attributed this to industries. The textile industry generally faces difficulty in meeting wastewater discharge limits, Sodium Hypochlorite, Cl2, NaOH, H2O2, acids, particularly, with regard to dissolved solids, pH, BOD, COD, sometimes, heavy metals and color of effluent (Chen Bleaching
et al, 2005) Effluents from textile industries contain different types of dyes, which because of high molecular weight and complex chemical structures, that show low Mercerizing
Hence, direct deposition of these effluents into sewage Dyestuffs Urea, reducing strongly colored, networks, produce disturbances in biological treatment Dhaka University of Engineering & Technology, Gazipur acidity, oils and grease, sulphide, and coliform bacteria (EPA, 1974). Bangladesh Environmental Protection Agency also supported these and demands for their proper Printing
monitoring in the textile effluents in the country (PEPA, 2000). Textile effluents are high in BOD due to fiber residues and suspended solids (EPA, 1998). They can contaminate water with oil & grease, and waxes, while Source: (Bruggen et al, 2001 and EPA, 1998) some may contain heavy metals, such as, chromium, lead, copper, zinc and mercury (PEPA, 2000). Dyeing process 2. LITERATURE REVIEW
usually contributes chromium, lead, zinc and copper to Ever since the beginning of humankind, people have been wastewater (Benavides, 1992). Copper is toxic to aquatic using colorants for painting and dyeing of their plants at concentrations below 1.0 mg/l while surroundings, their skins and their clothes. Until the middle concentrations near this level can be toxic to some fishes of the 19th century, all colorants applied were from natural (Sawyer and McCarty, 1978 and Nergis et al, 2005). origin. Inorganic pigments such as soot, manganese oxide, There are a lot of different kinds of industries in hematite and ochre have been utilised within living Bangladesh. All these industries have different waste memory. Palaeolithic rock paintings, such as the 30,000 problems. An grading of index of the level of pollution is year old drawings that were recently discovered in the Chauvet caves in France, provide ancient testimony of their application. Organic natural colorants have also a timeless Table 2: Water pollution source and their ranking in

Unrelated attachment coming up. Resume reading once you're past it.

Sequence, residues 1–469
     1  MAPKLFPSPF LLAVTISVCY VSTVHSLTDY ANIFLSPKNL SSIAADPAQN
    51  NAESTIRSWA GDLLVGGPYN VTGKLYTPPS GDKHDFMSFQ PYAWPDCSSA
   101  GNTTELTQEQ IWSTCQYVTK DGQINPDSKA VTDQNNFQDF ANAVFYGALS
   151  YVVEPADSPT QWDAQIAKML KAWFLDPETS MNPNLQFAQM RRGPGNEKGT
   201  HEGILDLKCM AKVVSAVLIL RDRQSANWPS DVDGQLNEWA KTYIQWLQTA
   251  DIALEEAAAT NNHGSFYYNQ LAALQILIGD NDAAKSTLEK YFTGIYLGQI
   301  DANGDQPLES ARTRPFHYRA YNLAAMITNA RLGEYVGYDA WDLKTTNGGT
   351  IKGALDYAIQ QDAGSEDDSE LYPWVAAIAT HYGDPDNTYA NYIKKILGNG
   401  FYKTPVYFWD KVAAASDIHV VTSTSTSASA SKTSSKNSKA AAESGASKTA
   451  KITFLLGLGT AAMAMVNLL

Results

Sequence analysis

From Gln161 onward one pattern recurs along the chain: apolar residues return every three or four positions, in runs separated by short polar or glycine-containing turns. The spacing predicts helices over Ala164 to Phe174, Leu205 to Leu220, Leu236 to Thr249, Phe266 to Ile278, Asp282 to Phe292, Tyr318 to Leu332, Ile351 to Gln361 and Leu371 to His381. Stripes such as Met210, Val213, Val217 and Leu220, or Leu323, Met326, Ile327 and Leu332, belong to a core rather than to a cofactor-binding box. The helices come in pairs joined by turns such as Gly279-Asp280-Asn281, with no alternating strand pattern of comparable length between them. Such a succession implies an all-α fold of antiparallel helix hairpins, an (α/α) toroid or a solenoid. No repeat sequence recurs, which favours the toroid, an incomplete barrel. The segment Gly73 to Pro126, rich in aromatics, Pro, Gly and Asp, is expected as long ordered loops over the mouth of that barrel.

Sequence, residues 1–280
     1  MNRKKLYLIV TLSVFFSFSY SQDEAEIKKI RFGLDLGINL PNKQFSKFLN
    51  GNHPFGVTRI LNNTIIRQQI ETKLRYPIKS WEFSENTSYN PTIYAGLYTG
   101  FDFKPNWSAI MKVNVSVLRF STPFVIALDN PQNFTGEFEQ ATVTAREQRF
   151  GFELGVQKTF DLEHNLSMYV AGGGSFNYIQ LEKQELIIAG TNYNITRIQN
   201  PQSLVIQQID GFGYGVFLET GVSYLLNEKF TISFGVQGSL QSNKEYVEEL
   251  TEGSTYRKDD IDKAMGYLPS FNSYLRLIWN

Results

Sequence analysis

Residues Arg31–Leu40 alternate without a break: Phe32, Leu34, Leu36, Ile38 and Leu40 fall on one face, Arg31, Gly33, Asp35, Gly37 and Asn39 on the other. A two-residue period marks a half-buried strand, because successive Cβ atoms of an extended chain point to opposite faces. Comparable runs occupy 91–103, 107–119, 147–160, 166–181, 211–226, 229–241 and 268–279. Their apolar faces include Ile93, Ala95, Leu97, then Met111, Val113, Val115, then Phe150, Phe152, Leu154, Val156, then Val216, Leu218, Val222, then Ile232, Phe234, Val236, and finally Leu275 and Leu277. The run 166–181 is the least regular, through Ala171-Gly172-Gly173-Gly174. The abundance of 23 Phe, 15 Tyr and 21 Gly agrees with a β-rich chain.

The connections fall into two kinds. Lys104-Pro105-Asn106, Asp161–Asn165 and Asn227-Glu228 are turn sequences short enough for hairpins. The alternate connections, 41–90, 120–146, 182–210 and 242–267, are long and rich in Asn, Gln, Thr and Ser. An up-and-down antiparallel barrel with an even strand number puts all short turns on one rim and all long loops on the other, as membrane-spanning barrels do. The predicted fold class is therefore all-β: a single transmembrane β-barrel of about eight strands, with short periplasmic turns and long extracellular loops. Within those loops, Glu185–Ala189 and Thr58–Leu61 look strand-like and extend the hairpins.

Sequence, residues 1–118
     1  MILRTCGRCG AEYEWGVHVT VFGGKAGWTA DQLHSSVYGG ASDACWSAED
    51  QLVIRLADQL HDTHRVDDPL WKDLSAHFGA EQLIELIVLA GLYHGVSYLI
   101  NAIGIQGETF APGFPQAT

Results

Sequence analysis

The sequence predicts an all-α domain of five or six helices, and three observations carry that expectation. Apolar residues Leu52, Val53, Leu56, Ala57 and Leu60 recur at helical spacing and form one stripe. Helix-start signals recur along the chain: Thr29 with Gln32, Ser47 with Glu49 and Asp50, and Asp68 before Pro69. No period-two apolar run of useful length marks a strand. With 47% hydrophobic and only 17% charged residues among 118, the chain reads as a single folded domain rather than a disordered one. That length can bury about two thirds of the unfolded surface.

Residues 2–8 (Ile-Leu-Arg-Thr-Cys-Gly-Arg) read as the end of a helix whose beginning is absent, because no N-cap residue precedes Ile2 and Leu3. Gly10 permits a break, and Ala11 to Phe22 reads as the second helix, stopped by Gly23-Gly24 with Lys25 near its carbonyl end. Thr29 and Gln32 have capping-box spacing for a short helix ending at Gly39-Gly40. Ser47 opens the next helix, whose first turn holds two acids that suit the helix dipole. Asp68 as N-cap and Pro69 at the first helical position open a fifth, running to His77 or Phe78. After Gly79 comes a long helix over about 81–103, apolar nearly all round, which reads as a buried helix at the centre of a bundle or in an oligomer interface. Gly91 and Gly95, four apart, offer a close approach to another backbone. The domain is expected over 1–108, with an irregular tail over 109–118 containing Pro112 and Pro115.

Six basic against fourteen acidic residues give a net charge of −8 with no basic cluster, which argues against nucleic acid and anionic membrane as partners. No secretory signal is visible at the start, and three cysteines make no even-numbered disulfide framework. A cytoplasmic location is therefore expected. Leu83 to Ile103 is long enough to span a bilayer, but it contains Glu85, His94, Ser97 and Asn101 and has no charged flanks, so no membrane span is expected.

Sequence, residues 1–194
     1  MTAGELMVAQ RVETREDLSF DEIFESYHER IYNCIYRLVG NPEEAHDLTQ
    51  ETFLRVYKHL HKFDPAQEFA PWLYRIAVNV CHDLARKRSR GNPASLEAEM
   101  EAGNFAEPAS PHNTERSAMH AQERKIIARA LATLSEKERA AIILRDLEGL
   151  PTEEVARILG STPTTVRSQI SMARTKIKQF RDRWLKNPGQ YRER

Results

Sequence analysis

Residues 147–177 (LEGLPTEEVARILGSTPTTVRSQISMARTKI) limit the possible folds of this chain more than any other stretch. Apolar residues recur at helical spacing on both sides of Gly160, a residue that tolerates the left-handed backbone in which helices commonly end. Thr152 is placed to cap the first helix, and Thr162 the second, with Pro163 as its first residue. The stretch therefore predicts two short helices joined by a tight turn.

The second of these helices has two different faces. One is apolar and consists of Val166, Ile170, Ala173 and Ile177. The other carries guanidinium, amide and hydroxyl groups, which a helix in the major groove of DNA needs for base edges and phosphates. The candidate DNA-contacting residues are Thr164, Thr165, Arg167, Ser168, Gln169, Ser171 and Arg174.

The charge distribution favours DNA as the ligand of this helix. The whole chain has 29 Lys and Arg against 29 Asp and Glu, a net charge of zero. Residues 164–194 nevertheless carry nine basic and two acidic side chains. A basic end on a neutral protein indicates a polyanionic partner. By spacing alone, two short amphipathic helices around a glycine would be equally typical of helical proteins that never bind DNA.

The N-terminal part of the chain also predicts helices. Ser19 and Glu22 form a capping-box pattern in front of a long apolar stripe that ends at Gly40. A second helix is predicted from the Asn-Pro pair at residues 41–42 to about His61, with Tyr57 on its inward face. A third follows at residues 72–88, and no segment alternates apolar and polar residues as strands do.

history of application, especially as textile dyes. These dyes are all aromatic compounds, originating usually from plants Pollution
(e.g. the red dye alizarin from madder and indigo. Pollution
Synthetic dye manufacturing was started commercially in 1856, when the English chemist W.H. Perkin, in an attempt to synthesise quinine, obtained it, instead of a bluish substance with excellent dyeing properties that later on became known as aniline purple, Tyrant purple or mauveine. Perkin, an 18-year old boy, patented his invention and set up a production line for mass production. Consequently, in the beginning of 20th century, synthetic dyestuffs almost completely supplanted the natural dyes. 2. METHODOLOGY